John K Slater
BLDSA Founding Secretary
Swimmer, Organiser, Family Man
Born in Bradford and raised in Otley in Yorkshire, England, John Slater was a prime force in the development of competitive, open-water, long distance swimming in Great Britain. John was Founding Secretary for the British Long Distance Swimming Association and, in that role, guided it through its first 22 years of development from 1956 to 1978.
Formation of the BLDSA
In 1955, John became the 24th person to swim the 10-mile (16 km) length of Lake Windermere, setting a record of 5 hours 20 minutes and breaking the 5:56 record set previously that year by Channel swimmer Fred Oldman. Prior to that year, the record had stood at 6:22 since it was set by Charles Denton who in 1934 became the third person to swim the lake.
In a letter in 1955 to Fred Oldman, congratulating him on his 14:31 France-England crossing of the Channel that year, John proposed the formation of a British Long Distance Swimming Association that would hold an annual championship on Lake Windermere. Together with another dynamic distance swimmer, Trevor Smith of Huddersfield, the three held a meeting and started the process that led to the formation of the BLDSA. From John’s words (BLDSA Handbook “The first twenty five years”), they met with two other swimmers: jeweller Philip Rising (Two-way Windermere 17:38 in 1952, and English Channel F-E 15:55 in 1951 and E-F 18:38 in 1952); and Eileen Fenton (English Channel 15:31 in 1950). Subsequently, they were joined by Morecambe Bay swimmer and printer, Lewis Craven and Margaret Hinchcliffe. After these preliminary meetings, an inaugural meeting took place in 1956 and the BLDSA was formed. In those early days, there were strict rules to separate amateurs from professionals – just working at a swimming pool could define you as a Professional!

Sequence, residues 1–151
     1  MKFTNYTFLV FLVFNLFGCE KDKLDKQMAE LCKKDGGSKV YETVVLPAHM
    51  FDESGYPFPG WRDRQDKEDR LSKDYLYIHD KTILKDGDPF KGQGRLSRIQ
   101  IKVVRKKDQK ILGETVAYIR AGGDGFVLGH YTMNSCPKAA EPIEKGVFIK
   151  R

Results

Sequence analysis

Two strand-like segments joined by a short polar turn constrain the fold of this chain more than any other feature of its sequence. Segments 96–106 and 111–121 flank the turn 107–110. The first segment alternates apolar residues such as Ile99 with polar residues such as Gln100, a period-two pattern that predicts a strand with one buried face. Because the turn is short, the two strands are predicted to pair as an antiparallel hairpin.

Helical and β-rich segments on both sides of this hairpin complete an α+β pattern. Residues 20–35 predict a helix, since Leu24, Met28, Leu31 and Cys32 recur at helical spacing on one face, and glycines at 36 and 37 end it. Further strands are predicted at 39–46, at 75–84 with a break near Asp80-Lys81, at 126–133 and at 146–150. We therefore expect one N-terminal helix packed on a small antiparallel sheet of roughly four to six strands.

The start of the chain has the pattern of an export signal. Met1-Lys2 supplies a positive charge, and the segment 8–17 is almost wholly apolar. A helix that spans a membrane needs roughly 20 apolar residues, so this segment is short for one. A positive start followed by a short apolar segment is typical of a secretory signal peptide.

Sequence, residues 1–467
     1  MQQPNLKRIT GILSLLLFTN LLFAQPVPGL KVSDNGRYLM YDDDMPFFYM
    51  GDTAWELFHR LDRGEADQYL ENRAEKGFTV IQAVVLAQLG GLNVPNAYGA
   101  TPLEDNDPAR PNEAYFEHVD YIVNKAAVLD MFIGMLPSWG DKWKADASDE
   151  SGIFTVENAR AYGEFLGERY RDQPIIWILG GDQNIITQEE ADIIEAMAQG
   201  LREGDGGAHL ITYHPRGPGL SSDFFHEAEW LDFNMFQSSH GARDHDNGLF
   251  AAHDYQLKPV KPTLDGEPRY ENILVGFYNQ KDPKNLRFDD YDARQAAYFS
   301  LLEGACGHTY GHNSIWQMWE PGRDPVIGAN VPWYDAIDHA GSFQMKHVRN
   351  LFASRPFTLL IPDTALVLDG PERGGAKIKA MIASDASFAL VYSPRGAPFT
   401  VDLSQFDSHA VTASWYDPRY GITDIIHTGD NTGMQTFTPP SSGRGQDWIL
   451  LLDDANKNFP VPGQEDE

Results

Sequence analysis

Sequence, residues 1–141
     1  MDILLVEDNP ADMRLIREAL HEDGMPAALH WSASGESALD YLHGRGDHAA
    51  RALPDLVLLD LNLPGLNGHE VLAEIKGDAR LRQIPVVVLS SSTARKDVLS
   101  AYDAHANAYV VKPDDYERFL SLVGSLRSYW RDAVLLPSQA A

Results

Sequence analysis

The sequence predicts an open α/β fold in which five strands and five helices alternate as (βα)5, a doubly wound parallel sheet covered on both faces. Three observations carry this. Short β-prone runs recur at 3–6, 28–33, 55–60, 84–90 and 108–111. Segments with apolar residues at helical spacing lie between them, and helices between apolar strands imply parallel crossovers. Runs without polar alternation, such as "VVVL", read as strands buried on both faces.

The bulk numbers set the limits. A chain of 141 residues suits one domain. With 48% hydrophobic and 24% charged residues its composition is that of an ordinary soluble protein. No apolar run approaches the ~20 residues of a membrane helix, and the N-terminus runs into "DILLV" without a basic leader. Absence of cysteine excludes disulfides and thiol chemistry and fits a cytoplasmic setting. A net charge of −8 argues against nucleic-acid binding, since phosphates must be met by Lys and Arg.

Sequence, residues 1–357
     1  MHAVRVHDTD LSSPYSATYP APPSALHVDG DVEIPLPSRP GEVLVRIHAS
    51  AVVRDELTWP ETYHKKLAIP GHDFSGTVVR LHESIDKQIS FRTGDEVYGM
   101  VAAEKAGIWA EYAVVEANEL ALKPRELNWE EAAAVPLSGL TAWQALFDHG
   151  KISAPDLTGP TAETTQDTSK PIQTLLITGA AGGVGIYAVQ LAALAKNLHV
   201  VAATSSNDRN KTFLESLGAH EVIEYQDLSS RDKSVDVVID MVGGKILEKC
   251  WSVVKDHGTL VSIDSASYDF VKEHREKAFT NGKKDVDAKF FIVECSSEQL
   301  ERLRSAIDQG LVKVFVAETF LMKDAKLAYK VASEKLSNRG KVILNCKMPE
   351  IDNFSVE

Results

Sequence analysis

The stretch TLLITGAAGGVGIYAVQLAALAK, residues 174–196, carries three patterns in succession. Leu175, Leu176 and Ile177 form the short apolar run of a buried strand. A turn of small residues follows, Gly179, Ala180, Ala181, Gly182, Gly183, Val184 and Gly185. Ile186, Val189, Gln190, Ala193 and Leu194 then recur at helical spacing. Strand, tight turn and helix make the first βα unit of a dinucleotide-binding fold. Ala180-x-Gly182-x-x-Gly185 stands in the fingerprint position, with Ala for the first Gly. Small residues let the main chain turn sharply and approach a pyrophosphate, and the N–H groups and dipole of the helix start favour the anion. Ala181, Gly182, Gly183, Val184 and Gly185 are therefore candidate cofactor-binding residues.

John was the Magistrates Clerk in the Halifax (England) courts and, as members of the BLDSA committee in those early years, we were treated to meetings in the formal surroundings of the court with its associated wonderful woodwork and ornate plumbing.
While John always quoted that “A Secretary is a person of many letters and few words”, he was instrumental in bringing together representatives of many existing swims (e.g. Morecambe Bay and the Amateur Swimming Association of the England) and the establishment of championships at Windermere, Torbay, Loch Lomond, Bala, Trentham, Rathlin-Ballycastle, Dover-Folkestone and others.
In appropriate recognition for his work in the formation of the BLDSA and all of its contributions to long-distance swimming, John was inducted into the International Marathon Swimming Hall of Fame (IMSHOF) in 1980.
Swimming and water were very much a part of John’s life. Apart from support of his local club at Otley, John purchased a plot of land in at Lee Dam, Lumbutts, Todmorden in Yorkshire in 1973. He and his family spent many hours planting trees there and in 1973 he reported having planted over 150 trees. Those of us, who attended the event, will remember in different ways the New Year’s swim at Lee Dam where the swimmers would break the ice with pick axes before taking part in a race to a spot where a wooden trophy had been placed. Originally, this event was formed to help in the raising of funds for an indoor pool in Todmorden, after John became the founding Secretary of Todmorden ASC in 1958. With John’s effective promotion, swimmers would travel up to 200 miles to attend the event. His daughter, Alison, reports in 2005 that the swim still thrives and raises money for charity. A keen camper, John welcomed me many times when camping in the Lake District, particularly at Coniston where he and his friend, Lawrie Jeffs launched the two boats they had built in the basement of John’s house in Skircoat Green, Halifax. Having built the boats, John had to excavate and remove a portion of a wall of his basement to extricate the two boats – a job that they achieved without problem.